Isaiah is preeminently the Messianic prophet. This means he prophesied about the Messiah (Christ). More than any other Old Testament prophet, Isaiah foretold the coming of Christ (2:1-4; 4:2-6; 7:14-15; 11:1-12:6; 24:21-23; 25:6-8; 26:1-2; 27:12-13; 30:18-26; 32:1-7, 16-20; 33:17-24; 35:1-10; 42:1-9; 49:1-55:13; 60:1-62:12; 66:18-24).

Thus, Isaiah is quoted in the New Testament more than any other prophet. There are about fifty-four New Testament quotations of Isaiah.

The great theme of Isaiah is Salvation through Messiah the Servant of the Lord. This theme is preeminently traced in perhaps the greatest prophecy of the Christ in the Bible, Isaiah 52:13-53:13.

Outline

Isaiah fortells the salvation through the Christ which is about to come. The first part of Isaiah primarily contains prophecies of judgment, whereas the second division predominatly consists of prophecies of peace. The historical chapters of Isaiah (ch. 36-39) serve as a transition from the Assyrian Period to the Babylonian Period.

  1. Prophecies of Judgment (Assyrian Period)—chapters 1-39
    1. Judgment of Judah—chapters 1-12
    2. Judgment of Nations—chapters 13-23
    3. Judgment of World—chapters 24-27
    4. Book of Woes—chapters 28-35
    5. Historical: Isaiah and Hezekiah-chapters 36-39
  2. Prophecies of Peace (Babylonian Period)—chapters 40-66
    1. The Lord vs. Idols—chapters 40-48
    2. The Servant of the Lord—chapters 49-57
    3. Future Glory—chapters 58-66
Isaiah Quoted in the New Testament (King James Version)
Scripture King James Version New Living Translation
Romans 9:29 And as Esaias said before, Except the Lord of Sabaoth had left us a seed, we had been as Sodoma, and been made like unto Gomorrha. It is just as Isaiah said previously: "Unless the Lord Almighty had left us descendants, we would have become like Sodom, we would have been like Gomorrah."
Matthew 13:14,15 And in them is fulfilled the prophecy of Esaias, which saith, By hearing ye shall hear, and shall not understand; and seeing ye shall see, and shall not perceive: For this people's heart is waxed gross, and their ears are dull of hearing, and their eyes they have closed; lest at any time they should see with their eyes and hear with their ears, and should understand with their heart, and should be converted, and I should heal them. In them is fulfilled the prophecy of Isaiah: " 'You will be ever hearing but never understanding; you will be ever seeing but never perceiving. For this people's heart has become calloused; they hardly hear with their ears, and they have closed their eyes. Otherwise they might see with their eyes, hear with their ears, understand with their hearts and turn, and I would heal them.'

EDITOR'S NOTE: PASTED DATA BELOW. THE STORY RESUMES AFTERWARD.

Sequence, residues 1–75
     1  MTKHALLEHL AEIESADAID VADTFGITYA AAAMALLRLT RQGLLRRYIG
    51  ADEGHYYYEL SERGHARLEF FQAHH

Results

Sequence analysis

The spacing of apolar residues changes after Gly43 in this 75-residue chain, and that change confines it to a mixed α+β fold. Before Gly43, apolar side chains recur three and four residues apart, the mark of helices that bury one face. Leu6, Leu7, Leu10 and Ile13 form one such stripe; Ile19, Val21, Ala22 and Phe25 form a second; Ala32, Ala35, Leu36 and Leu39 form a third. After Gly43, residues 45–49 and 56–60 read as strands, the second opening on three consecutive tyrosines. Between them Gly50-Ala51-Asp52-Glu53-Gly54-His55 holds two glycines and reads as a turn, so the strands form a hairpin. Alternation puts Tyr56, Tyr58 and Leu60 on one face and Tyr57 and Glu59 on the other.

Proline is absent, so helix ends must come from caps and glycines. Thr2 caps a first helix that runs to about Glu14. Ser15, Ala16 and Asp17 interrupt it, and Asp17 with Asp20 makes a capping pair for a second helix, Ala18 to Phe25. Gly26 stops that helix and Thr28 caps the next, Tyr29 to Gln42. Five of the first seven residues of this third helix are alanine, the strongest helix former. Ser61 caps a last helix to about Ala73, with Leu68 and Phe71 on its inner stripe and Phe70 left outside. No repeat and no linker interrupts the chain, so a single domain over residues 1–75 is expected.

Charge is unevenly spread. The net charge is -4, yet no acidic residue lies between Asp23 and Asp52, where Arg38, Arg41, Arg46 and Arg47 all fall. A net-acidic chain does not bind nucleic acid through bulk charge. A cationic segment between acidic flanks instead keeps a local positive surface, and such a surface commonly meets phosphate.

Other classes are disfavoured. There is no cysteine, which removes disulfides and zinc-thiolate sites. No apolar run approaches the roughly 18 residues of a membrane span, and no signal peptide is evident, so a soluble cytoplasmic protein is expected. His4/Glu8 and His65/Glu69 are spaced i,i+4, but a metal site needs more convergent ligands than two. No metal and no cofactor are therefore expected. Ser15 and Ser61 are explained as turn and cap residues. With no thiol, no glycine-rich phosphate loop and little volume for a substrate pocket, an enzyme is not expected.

Matthew 1:23 Behold, a virgin shall be with child, and shall bring forth a son, and they shall call his name Emmanuel, which being interpreted is, God with us. "The virgin will be with child and will give birth to a son, and they will call him Immanuel"—which means, "God with us."
1 Peter 3:14 But and if ye suffer for righteousness' sake, happy are ye: and be not afraid of their terror, neither be troubled; But even if you should suffer for what is right, you are blessed. "Do not fear what they fear; do not be frightened."
Romans 9:33 As it is written, Behold, I lay in Sion a stumblingstone and rock of offence: and whosoever believeth on him shall not be ashamed. As it is written: "See, I lay in Zion a stone that causes men to stumble and a rock that makes them fall, and the one who trusts in him will never be put to shame."
Hebrews 2:13 And again, I will put my trust in him. And again, Behold I and the children which God hath given me. And again, "I will put my trust in him." And again he says, "Here am I, and the children God has given me."
Matthew 4:15,16 The land of Zabulon, and the land of Nephthalim, by the way of the sea, beyond Jordan, Galilee of the Gentiles; The people which sat in darkness saw great light; and to them which sat in the region and shadow of death light is sprung up. "Land of Zebulun and land of Naphtali, the way to the sea, along the Jordan, Galilee of the Gentiles—the people living in darkness have seen a great light; on those living in the land of the shadow of death a light has dawned."
Romans 9:27-28 Esaias also crieth concerning Israel, Though the number of the children of Israel be as the sand of the sea, a remnant shall be saved: For he will finish the work, and cut it short in righteousness: because a short work will the Lord make upon the earth. Isaiah cries out concerning Israel: "Though the number of the Israelites be like the sand by the sea, only the remnant will be saved. For the Lord will carry out his sentence on earth with speed and finality."